Cirques caused by glacial erosion
      Cirques caused by glacial erosion in Abisko National Park, Sweden.
      Credit: Dentren at English Wikipedia, via Wikimedia Commons
  • Mountains form by different processes on Earth. Some form through the forces of plate tectonics, others are created by volcanism, and some are created by both.
    • The Himalayas and Everest formed when the thick Indian subcontinent crashed into the thick Eurasian plate. The resulting compressive forces caused the mountains to crunch upward, creating Earth’s thickest continental crust at nearly 50 mi (80 km) below the Tibetan Plateau.
    • The Andes and Chimborazo formed when thinner oceanic crust subducted below the thick South American plate, causing volcanism above the downgoing slab.
    • Mauna Kea formed as the Pacific plate traversed a mantle hotspot, producing shield-type volcanism.
  • The huge extinct Martian volcano Olympus Mons—Greek for Mount Olympus, home of the gods—had slightly different natural rules to follow. It is most similar to Mauna Kea.
    Olympus Mons
    With a caldera 50 mi (80 km) across, the diameter of Olympus Mons is 370 miles (600 kilometers), about the size of New Mexico! And its summit pokes all the way through the Martian atmosphere.
    Credit: Lunar and Planetary Institute, Houston, Texas, USA, via Wikimedia Commons
    • Like Mauna Kea, Olympus Mons is a shield volcano. It last erupted about 25 million years ago, but based on meteorite studies, its history may extend back 2.4 billion years.
      • The Hawaiian Islands and Emperor Seamounts have progressively moved over a stationary hotspot in Earth’s mantle, creating a trail of volcanoes for more than 70 million years.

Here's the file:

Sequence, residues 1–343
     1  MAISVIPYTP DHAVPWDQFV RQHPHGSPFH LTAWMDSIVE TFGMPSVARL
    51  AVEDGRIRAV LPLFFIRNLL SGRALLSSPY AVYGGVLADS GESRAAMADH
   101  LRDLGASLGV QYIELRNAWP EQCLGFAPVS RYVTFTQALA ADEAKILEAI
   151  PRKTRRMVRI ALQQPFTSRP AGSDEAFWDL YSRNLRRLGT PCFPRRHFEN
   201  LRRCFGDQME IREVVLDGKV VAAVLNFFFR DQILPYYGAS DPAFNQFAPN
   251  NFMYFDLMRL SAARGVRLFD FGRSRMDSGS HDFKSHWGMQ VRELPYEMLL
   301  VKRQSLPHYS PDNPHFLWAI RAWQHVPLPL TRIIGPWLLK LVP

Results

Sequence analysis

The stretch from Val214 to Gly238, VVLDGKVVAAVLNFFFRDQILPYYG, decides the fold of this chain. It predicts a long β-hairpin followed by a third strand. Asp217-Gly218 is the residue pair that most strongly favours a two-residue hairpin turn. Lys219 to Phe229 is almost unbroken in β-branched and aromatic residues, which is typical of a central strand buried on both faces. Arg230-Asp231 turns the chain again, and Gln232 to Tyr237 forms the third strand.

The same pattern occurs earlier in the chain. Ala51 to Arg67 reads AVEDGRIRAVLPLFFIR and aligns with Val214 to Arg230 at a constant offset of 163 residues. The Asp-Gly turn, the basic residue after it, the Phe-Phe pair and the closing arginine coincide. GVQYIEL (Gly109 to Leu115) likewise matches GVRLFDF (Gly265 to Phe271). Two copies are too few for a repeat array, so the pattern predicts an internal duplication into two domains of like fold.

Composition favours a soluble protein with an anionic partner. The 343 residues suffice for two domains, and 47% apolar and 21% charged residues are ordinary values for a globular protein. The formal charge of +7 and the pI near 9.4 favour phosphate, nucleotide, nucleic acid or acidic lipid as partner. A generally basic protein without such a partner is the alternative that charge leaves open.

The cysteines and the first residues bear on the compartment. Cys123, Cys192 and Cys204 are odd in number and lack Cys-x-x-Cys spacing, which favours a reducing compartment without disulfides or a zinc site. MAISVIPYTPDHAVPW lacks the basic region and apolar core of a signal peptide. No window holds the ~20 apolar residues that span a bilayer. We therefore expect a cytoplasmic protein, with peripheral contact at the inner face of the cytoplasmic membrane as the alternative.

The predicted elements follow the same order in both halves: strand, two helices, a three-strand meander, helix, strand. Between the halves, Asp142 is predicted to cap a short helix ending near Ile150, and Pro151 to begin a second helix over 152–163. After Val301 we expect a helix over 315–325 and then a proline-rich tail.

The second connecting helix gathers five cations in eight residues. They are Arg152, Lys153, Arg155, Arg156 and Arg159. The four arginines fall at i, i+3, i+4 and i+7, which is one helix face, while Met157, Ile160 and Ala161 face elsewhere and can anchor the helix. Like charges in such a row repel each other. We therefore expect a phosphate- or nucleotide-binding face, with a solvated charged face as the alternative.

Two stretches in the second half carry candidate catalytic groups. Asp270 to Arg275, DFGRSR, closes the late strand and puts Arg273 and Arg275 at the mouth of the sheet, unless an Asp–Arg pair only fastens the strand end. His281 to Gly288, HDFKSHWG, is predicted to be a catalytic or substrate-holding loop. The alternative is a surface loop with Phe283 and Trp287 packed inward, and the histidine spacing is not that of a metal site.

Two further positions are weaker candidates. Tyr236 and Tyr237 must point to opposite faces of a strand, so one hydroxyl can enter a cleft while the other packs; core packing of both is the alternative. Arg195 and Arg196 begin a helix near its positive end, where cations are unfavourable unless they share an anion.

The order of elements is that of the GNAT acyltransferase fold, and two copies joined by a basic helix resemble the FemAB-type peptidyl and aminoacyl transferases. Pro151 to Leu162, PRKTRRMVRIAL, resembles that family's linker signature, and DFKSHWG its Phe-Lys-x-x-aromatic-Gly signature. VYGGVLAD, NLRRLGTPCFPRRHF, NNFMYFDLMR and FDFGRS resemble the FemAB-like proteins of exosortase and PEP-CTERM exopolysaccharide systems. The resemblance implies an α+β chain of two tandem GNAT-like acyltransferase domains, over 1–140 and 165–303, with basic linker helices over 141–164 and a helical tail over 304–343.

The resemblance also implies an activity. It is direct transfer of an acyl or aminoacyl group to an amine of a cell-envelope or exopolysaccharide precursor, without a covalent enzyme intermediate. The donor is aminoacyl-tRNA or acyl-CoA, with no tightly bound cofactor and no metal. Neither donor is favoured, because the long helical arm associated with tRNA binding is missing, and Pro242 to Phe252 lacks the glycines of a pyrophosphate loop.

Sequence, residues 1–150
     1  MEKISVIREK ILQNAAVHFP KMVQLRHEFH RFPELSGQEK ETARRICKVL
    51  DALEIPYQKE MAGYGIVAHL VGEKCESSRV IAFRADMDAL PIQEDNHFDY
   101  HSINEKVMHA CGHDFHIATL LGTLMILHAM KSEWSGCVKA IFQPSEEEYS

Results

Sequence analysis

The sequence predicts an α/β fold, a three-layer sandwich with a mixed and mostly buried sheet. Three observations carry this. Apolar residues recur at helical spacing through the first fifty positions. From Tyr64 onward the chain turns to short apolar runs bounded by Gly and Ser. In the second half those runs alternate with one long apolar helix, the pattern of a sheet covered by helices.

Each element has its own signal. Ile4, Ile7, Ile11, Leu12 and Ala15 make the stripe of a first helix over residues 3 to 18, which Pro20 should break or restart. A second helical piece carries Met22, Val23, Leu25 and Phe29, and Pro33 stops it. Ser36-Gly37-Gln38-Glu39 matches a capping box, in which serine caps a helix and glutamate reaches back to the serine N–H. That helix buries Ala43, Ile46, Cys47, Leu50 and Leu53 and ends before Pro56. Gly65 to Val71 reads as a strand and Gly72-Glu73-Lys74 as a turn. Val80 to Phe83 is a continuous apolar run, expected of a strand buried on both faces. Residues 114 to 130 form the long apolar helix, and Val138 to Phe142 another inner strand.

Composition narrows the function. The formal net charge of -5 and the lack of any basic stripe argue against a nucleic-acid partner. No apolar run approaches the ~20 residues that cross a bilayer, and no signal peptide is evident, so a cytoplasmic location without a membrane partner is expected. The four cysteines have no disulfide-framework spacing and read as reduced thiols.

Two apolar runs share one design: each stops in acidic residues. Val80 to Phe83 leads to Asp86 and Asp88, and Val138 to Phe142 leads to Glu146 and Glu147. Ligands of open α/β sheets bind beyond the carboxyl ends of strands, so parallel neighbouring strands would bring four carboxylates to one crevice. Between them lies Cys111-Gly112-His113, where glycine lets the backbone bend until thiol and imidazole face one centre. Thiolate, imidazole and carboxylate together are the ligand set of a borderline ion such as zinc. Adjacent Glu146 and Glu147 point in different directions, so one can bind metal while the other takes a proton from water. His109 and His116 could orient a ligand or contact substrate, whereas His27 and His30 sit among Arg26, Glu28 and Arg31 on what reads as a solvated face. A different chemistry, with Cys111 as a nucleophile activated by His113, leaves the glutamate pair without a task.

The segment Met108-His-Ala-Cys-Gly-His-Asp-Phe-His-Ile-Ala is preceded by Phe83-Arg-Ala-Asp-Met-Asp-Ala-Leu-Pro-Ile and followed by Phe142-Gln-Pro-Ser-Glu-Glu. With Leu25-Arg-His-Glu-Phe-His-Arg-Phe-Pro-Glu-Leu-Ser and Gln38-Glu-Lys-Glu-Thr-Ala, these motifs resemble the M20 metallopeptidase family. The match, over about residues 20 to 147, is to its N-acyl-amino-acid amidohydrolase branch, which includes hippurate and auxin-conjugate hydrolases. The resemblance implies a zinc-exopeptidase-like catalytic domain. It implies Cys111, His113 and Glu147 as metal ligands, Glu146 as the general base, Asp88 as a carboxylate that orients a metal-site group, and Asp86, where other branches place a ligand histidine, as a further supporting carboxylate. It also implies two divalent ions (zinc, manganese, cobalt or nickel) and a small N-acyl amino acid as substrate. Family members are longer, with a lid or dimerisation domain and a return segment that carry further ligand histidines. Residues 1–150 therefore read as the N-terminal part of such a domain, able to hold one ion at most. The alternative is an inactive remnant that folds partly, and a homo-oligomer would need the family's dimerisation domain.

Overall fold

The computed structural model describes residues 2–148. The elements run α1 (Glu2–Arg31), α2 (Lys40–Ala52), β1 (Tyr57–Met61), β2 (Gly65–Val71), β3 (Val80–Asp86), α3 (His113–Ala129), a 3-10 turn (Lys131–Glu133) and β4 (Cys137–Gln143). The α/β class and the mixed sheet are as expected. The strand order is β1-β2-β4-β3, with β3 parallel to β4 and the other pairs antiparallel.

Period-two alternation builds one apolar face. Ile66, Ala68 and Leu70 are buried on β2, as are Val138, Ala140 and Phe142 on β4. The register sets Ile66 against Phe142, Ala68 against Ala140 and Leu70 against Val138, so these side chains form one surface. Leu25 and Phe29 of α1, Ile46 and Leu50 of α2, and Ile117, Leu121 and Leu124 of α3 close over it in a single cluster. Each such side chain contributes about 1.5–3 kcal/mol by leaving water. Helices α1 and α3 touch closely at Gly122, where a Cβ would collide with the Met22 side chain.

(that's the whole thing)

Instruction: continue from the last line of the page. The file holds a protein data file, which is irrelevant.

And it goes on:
• With limited or no tectonism on Mars, Olympus Mons remained relatively stationary over its hotspot for hundreds of millions of years.
    • A recent magnitude 4.7 marsquake measured by NASA’s InSight lander lasted six hours and demonstrated that the crust of the Red Planet is about 70% thicker than that of Earth.
      • The crust of Mars ranges from 26 to 35 mi (42–56 km) thick, around 1.5% of the radius of the planet, providing a stronger substrate to support the weight of a huge feature like Olympus Mons.
    • Gravity on Mars is only 38% of gravity on Earth.
      • It is possible that the forces necessary to pump magma all the way to the summit of Olympus Mons are too much to sustain, even against its lesser gravity, so it may have reached its limit around 25 million years ago, becoming extinct.
      • The gravity-driven forces that tear down mountains are less powerful, making landslides less prevalent.
    • Flowing water is not currently present on Mars, and its atmosphere is thinner, so erosion is dramatically diminished.
  • Other large mountains that dwarf our Mount Everest exist throughout our solar system.
Juli Hennings
Harry Lynch